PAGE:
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Nuevo Mexico’s Mid-Winter Celebrations: A Look at the Intercultural Symbols and Reexamination of the Tri-Cultural Myth.
In this webinar, we will examine the complex narrative and symbols of Hispano and Native-American communities in the Rio Grande valley in New Mexico. Using photography, we will study the performance and symbols in each community as they use the rituals to create a fidelity to culture and community. In addition, we will examine New Mexico’s tri-cultural myth (Anglo, Hispano, and Native-American), which is currently under reexamination since the New Mexico House and Senate passed a memorial bill in 2010 recognizing Genizarios as an historical cultural classification.
Registration = FREE for current SIETAR USA members in good standing
Registration = $25.00 for nonmembers
About the Presenter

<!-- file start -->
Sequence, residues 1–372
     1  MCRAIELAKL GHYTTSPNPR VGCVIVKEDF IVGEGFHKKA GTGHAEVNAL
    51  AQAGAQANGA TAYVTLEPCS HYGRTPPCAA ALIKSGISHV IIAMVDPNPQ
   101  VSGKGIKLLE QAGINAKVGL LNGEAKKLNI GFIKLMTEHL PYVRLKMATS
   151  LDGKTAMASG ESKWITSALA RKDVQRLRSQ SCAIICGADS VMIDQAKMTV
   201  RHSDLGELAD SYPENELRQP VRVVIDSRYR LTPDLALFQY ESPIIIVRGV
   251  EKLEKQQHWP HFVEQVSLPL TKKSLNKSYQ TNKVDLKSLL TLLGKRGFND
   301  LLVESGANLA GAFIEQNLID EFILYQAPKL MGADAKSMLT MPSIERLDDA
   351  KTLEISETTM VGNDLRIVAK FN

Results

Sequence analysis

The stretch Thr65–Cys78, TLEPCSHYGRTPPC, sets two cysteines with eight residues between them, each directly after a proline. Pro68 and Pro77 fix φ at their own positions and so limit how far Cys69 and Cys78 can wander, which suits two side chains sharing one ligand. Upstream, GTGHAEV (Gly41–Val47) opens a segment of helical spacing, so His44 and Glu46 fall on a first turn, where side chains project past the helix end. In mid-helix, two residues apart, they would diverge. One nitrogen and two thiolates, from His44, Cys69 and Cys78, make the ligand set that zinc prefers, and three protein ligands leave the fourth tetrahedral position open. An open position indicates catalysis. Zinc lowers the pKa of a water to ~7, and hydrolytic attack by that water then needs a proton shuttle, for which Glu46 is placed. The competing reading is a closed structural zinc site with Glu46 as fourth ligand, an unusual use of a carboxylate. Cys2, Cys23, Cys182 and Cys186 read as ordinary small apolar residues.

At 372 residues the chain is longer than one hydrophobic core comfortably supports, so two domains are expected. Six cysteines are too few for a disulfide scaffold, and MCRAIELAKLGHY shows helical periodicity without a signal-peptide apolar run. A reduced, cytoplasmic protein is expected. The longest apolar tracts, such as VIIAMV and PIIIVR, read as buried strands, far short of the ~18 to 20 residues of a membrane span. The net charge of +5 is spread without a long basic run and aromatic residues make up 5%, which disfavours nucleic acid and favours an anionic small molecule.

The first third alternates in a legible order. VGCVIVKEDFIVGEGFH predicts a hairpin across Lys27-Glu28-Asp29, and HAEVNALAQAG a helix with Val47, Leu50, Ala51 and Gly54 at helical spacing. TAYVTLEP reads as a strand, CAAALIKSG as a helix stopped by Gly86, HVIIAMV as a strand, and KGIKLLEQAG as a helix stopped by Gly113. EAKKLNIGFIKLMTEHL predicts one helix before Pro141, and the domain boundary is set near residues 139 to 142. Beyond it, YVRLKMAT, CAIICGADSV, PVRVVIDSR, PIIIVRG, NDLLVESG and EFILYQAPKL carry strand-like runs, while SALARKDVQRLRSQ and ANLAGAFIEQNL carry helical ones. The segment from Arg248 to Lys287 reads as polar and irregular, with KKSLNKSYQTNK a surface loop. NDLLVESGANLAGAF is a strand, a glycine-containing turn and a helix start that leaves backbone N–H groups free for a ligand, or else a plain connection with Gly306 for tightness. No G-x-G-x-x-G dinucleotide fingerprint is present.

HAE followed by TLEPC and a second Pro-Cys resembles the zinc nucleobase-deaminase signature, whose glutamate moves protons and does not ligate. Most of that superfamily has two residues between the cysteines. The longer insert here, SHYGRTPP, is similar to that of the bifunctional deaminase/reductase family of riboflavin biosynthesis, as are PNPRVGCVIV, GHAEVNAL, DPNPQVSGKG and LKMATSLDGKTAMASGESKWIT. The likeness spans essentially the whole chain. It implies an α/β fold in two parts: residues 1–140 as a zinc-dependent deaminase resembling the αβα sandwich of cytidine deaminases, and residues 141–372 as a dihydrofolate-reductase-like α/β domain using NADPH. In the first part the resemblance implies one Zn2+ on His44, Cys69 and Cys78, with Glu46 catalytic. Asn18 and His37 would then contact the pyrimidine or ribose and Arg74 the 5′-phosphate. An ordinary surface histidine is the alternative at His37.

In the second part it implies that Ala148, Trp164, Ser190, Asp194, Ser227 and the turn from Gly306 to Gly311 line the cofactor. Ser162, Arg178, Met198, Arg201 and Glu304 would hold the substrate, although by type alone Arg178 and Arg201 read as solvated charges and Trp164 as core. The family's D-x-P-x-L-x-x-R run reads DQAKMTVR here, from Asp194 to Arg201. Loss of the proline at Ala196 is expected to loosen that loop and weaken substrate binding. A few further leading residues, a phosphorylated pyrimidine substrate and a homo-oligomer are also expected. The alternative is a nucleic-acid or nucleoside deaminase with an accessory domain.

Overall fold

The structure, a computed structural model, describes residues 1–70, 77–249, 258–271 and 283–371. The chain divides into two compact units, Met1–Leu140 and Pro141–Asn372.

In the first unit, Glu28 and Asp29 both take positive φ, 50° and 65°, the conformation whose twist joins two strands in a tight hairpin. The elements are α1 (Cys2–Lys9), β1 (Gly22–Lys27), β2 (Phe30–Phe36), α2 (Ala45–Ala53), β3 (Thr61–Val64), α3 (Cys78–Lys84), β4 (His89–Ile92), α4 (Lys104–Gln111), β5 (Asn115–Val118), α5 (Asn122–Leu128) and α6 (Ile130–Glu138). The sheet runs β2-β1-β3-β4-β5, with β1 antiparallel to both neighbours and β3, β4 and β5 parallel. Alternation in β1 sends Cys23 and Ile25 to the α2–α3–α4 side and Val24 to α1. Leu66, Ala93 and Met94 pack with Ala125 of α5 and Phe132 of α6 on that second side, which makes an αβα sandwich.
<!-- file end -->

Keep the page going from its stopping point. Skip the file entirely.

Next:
As a photojournalist, Miguel Gandert considers himself an Indo-Hispano and has spent the last twenty years documenting this culture; he often photographs people on the fringes of society, including cholos, bikers, lowriders, boxers, teen-age mothers, and Mexican immigrants. Gandert’s publication, Nuevo Mexico Profundo (2000), documents the Rio Grande corridor from northern New Mexico to the Mexican border and includes the annual pilgrimages to Chimayó, New Mexico and historical Matachines dances. Many say that Gandert’s close collaborations in the lens free his subjects to narrate their own story, and reveal their lives on their own terms. Gandert’s numerous national and international exhibitions include shows at the Whitney Museum of American Art and the National Museum of American History at the Smithsonian. He is a Distinguished Professor in the Department of Communication and Journalism at the University of New Mexico and a well-known interculturalist.
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